Juan R. Fuentes





October 4-25, 2012
Opening Reception Oct. 4, 5-7pm

Born in Artesia, New Mexico, and one of eleven children, Juan R. Fuentes credits the turbulent times of the ‘70s for setting the tone to his socially charged approach to his work. He says, “the Chicano, African American, Middle East, Asian and Native American struggles for equality, peace and justice helped shape a consistent theme and source for my art.” Fuentes’ parents were migrant farm workers born in Texas, who later moved west to the farm labor camps of California in search of work. Relocating from labor camp to labor camp, Fuentes attended five elementary schools before finally settling outside Watsonville, California.

Strongly influenced by the Social Realist tradition of Latin American printmaking, he began his career as a poster maker and silkscreen print artist. The substantive body of work is now part of the historical Chicano Poster Movement.

In 1997, Juan Fuentes produced his first linocut. About his work, he says: I have been exploring relief printmaking, in particular woodcut and linoleum cut techniques and using this relief medium to express the strength and humanity within our collective communities. It has been my goal to portray people in a bold and colorful manner and the use of this traditional medium has allowed me to achieve this. The simple act of drawing and carving on a flat surface to produce a desired effect has been challenging and rewarding, in contrast to these contemporary times of instant electronic imaging. The ability to produce multiplies by using mostly hand tools in combination with a press still continues to amaze me after so many years, I feel that there is an endless curiosity to produce the next print.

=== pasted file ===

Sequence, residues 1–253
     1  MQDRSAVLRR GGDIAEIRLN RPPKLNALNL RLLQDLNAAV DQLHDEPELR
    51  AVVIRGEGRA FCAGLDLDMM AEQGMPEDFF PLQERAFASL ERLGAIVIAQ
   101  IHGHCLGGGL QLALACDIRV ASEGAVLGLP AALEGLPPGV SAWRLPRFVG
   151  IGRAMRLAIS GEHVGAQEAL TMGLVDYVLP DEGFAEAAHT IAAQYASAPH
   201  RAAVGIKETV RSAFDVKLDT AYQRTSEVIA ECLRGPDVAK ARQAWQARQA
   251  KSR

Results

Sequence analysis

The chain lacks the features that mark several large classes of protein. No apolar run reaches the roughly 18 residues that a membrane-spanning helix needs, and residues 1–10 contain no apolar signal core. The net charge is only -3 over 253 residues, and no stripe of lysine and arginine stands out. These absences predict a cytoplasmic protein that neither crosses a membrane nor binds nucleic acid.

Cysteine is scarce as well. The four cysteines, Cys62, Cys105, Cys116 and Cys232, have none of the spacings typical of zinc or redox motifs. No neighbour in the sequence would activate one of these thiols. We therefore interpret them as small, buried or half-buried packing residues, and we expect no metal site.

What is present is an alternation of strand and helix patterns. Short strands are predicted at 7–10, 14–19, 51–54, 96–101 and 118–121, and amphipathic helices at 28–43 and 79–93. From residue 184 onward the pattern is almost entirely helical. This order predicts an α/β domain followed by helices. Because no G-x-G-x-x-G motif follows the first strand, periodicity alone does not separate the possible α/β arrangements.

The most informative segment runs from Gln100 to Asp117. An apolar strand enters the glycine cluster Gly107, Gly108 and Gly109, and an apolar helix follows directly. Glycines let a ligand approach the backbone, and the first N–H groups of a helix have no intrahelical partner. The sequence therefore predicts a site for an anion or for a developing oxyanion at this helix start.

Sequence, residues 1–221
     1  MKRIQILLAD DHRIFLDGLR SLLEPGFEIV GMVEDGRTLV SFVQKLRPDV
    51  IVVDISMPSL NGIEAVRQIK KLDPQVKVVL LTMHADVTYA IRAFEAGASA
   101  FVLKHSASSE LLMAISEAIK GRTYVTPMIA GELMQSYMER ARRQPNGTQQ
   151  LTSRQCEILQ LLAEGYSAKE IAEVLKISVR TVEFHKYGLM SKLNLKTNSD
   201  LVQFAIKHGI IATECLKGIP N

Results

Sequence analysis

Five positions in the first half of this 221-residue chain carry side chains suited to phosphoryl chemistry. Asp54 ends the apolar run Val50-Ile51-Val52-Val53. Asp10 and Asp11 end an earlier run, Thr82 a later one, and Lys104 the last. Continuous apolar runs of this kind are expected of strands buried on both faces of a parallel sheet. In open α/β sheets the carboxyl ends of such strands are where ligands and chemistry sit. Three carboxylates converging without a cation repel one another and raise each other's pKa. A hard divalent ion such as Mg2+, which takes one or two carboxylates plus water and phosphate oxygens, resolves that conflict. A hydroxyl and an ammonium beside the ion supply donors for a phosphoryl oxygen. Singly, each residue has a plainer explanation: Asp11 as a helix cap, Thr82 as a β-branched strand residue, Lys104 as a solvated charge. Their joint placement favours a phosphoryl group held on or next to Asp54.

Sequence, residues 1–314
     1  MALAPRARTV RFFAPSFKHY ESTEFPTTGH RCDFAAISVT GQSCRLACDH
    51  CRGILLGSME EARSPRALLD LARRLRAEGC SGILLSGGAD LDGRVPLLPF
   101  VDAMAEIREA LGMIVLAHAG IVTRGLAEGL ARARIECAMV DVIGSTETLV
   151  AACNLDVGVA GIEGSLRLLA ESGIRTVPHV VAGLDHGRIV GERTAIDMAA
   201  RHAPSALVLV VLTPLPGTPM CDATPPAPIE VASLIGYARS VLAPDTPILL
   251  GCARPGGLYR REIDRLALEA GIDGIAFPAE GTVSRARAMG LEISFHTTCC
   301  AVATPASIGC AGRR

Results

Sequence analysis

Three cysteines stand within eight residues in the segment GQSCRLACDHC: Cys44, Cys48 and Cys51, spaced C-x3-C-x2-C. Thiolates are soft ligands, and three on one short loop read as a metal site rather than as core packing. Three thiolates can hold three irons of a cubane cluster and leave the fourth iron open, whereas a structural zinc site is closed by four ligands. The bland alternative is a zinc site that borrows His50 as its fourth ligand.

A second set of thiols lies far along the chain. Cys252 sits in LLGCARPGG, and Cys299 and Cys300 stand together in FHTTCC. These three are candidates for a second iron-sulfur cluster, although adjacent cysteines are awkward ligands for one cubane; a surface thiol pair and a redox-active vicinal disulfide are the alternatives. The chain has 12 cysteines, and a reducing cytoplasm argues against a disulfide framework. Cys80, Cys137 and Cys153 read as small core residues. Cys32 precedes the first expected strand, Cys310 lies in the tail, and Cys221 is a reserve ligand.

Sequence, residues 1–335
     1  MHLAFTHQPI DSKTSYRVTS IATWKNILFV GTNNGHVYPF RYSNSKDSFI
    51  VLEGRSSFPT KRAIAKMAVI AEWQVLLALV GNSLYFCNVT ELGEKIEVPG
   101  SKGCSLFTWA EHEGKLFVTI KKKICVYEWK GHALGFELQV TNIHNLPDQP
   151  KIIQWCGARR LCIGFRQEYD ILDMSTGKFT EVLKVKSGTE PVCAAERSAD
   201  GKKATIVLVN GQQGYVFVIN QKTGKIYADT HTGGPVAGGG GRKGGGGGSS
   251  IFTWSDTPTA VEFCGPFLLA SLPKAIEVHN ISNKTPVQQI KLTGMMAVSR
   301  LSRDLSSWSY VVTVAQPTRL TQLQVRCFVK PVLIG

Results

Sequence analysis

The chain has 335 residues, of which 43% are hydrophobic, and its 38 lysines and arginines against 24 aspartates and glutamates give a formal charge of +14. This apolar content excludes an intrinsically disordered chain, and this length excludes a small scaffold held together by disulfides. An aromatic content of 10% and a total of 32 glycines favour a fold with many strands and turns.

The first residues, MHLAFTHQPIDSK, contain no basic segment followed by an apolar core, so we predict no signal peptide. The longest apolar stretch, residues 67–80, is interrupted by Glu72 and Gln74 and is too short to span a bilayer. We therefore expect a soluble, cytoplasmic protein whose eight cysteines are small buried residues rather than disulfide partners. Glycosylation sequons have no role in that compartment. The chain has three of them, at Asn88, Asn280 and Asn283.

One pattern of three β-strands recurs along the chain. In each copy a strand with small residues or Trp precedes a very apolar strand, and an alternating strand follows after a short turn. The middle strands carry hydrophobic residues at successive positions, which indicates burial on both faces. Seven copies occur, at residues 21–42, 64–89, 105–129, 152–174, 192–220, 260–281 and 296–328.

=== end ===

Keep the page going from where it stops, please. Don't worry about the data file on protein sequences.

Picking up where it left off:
The artist currently works out of his studio, Parjaro Editions, with is part of a larger Collective of Chicano/Latino print studios in the U.S. called Consejo Grafico. The Collective works to promote and help sustain our Talleres (workshops) nationally, creating exhibits and print portfolios that are sold to raise funds. Their projects have included producing images for AIDS awareness, immigration, and obesity in the Latino community.

Juan R. Fuentes